In accordance with the inventive method, a nucleic acid is administered to a cell (e.g., at least one cell) associated with a desired region of a bone. The relevant “region” of the bone includes the bone itself as well as the immediately adjoining area within the bone or in tissues surrounding it (e.g., periosteum, muscle, fascia, tendons, ligaments, etc.). With this in mind, a cell is “associated with” the bone if it is within the region of the bone before, during, or following application of the inventive method. Any cell associated with the region of the bone can be treated in accordance with the inventive method to express exogenous nucleic acids to produce (and typically secrete) encoded proteins. Inasmuch as such cells are employed as bioreactors in the application of the method, the type of cell is not critical. Thus the cell generally is any cell type associated with bony structures. Thus, for example, the cell can be within the bone (e.g., a preosteocyte, an osteocyte, chondrocyte, stromal cell, etc.) or in other tissue adjoining the desired region (e.g., a periosteal or fascial cell, a muscle cell, etc.). Alternatively, a cell associated with the bone region can be initially away from the region and introduced into it during application of the method. For example, the cell can be within an exogenous tissue, such as a bone graft or other similar tissue, which is implanted or engrafted into the region of the bone.
The inventive method involves administering a nucleic acid (i.e., a first nucleic acid) encoding an angiogenic protein to a cell (i.e., a first cell) within the region of the bone. An angiogenic protein is any protein that potentiates or enhances neovascularization, many of which are known in the art. While any such factor can be employed in the context of the inventive method, because VEGF proteins are not known to induce the growth of tissues not involved in the production of new vasculature, a preferred angiogenic protein is a VEGF protein (e.g., VEGFA, VEGFB, VEGFC, VEGFD, VEGFE), and more preferably VEGF121, VEGFA138, VEGF145, VEGFA162, VEGF165, VEGF182, VEGF189, or a derivative thereof, (see, e.g., U.S. Pat. No. 5,332,671 (Ferrara et al.), U.S. Pat. No. 5,240,848 (Keck et al.); and U.S. Pat. No. 5,219,739 (Tischer et al.)). Most preferably, because of their higher biological activity, the angiogenic protein is VEGF121 or VEGF165, particularly VEGF121. Inasmuch as VEGF121 typically binds heparin with lesser affinity than does VEGF165, VEGF121 is particularly preferred for use in the inventive method. While VEGF proteins are preferable for use in the inventive method, other angiogenic proteins include connective tissue growth factor (CTGF), VEGF2, VEGF-C, fibroblast growth factors (FGFs) (e.g., aFGF, bFGF, and FGF4), angiopoiteins, angiopoetin homologous proteins, angiogenin, angiogenin-2, and P1GF (see, e.g., U.S. Pat. Nos. 5,194,596, 5,219,739, 5,338,840, 5,532,343, 5,169,764, 5,650,490, 5,643,755, 5,879,672,5,851,797, 5,843,775, and 5,821,124; International Patent Application WO 95/24473; European Patent Documents 476 983, 506 477, and 550 296; Japanese Patent Documents 1038100, 2117698, 2279698, and 3178996; and J. Folkman et al., A Family of Angiogenic Proteins, Nature, 329, 671 (1987)).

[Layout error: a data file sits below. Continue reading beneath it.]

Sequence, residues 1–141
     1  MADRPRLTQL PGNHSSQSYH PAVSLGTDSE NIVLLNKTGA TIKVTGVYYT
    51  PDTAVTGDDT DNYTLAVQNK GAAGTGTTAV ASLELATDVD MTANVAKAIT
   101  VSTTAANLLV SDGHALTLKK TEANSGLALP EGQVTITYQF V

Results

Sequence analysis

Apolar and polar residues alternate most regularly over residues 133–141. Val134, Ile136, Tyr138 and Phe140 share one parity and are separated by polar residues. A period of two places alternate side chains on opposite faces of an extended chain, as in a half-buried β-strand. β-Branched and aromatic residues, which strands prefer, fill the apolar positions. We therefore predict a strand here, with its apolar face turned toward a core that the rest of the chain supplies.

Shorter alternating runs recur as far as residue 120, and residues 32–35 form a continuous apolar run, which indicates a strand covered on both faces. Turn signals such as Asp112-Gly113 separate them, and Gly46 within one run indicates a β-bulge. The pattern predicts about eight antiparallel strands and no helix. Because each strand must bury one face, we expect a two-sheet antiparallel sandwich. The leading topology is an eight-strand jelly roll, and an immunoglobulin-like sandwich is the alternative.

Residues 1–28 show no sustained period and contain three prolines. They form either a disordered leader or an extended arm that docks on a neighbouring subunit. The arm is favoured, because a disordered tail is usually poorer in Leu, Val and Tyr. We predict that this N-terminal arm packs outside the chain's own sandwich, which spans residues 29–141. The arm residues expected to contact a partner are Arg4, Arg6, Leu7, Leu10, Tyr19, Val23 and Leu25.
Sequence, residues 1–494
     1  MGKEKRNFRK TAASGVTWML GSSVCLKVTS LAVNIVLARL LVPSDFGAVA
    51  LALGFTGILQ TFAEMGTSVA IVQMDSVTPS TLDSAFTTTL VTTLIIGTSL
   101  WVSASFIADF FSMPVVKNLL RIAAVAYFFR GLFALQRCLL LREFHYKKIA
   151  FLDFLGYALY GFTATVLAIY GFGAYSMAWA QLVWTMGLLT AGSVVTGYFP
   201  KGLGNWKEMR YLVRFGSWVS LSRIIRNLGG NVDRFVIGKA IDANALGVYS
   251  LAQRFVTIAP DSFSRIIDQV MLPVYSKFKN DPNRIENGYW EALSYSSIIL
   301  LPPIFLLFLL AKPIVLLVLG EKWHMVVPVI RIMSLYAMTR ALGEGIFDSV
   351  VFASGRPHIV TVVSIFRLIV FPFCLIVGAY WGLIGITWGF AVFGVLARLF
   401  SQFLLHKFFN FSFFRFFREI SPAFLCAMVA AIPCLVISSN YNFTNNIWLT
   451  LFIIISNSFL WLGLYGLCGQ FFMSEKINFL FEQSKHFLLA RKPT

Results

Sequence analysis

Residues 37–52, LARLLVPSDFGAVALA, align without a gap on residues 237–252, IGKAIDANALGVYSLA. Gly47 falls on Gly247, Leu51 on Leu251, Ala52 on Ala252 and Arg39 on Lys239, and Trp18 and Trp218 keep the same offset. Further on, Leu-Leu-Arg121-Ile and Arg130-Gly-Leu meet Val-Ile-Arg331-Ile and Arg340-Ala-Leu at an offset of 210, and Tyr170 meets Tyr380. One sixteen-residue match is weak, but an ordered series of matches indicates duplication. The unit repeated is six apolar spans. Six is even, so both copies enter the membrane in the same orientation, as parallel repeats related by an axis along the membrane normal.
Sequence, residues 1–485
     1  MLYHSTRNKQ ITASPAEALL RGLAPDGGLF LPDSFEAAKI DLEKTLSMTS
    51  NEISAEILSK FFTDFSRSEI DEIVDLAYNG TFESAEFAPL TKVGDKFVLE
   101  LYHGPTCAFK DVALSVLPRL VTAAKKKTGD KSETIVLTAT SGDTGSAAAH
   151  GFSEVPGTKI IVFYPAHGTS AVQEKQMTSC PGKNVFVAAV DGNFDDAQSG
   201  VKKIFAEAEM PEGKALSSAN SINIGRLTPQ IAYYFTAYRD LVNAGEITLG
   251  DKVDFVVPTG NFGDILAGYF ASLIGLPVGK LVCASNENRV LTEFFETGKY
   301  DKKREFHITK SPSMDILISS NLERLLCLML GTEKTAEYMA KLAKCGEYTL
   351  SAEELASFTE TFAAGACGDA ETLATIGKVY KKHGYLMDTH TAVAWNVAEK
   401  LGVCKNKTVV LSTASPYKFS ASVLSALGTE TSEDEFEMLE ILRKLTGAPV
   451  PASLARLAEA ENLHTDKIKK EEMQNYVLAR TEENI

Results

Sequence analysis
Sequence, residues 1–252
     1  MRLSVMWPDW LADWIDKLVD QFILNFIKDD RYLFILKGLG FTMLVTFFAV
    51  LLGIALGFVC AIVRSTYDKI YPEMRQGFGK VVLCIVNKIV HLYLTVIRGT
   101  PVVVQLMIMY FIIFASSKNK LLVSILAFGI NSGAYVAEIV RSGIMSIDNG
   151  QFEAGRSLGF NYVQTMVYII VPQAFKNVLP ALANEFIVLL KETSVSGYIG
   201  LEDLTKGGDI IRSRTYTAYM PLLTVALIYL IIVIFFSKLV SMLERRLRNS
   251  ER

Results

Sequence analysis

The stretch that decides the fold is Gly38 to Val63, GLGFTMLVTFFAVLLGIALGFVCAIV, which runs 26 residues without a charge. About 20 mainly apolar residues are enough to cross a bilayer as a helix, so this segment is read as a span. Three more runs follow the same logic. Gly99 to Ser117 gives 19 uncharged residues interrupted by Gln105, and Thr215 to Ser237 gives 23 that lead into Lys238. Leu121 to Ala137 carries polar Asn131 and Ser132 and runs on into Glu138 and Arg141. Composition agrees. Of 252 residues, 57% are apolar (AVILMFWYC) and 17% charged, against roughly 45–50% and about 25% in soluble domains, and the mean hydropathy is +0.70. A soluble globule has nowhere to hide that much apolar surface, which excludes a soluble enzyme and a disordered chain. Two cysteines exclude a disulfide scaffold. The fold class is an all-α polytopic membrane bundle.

To enhance the efficacy of the inventive method, a nucleic acid (i.e., second nucleic acid) encoding an osteogenic protein can be similarly delivered to a cell (i.e., a second cell) within the same region of the bone. An osteogenic protein is any protein that potentiates or enhances ossification or differentiation of bone, many of which are known in the art. Osteogenic proteins include, for example, systemic hormones, (e.g., parathyroid hormone (PTH) estrogen, etc.), growth factors (e.g., CTGF and CTGF-like growth factor), cytokines, chemotactic and adhesive proteins, molecules such as activin (U.S. Pat. No. 5,208,219), bone morphogenic proteins (BMPs), growth factor receptors, and the like. Preferably, the osteogenic protein of the present invention is selected a bone morphogenic protein (BMP) (e.g., BMP-2, BMP-3, BMP-4, BMP-5, BMP-6, BMP-7 and BMP-8), a transforming growth factor (TGF) (e.g., TGF-β1), a latent TGF binding protein (LTBP), latent membrane protein-1 (LMP-1), a heparin-binding neurotrophic factor (HBNF), growth and differentiation factor-5 (GDF-5), a parathyroid hormone (PTH), a fibroblast growth factor (FGF), an epidermal growth factor (EGF), a platelet-derived growth factor (PDGF), an insulin-like growth factor (e.g., IGF-1 or 2)), a growth factor receptor, a cytokine, a chemotactic factor, a granulocyte/macrophage colony stimulating factor (GMCSF), a LIM mineralization protein (LMP) (Boden et al., Spine, 23, 2486–92 (1998)), a leukemia inhibitory factor (LIF), a hedgehog protein (e.g., Desert Hedgehog (DHH), Indian Hedgehog (1HH), Sonic Hedgehog, etc.) or a derivative thereof. Most preferably, the osteogenic protein is TGF-β1 or midkine (MK) and, as discussed above, these are preferably employed where the angiogenic factor is a VEGF. Some osteogenic proteins also can stimulate the growth or regeneration of skeletal connective tissues such as, e.g., tendon, cartilage, ligament, etc.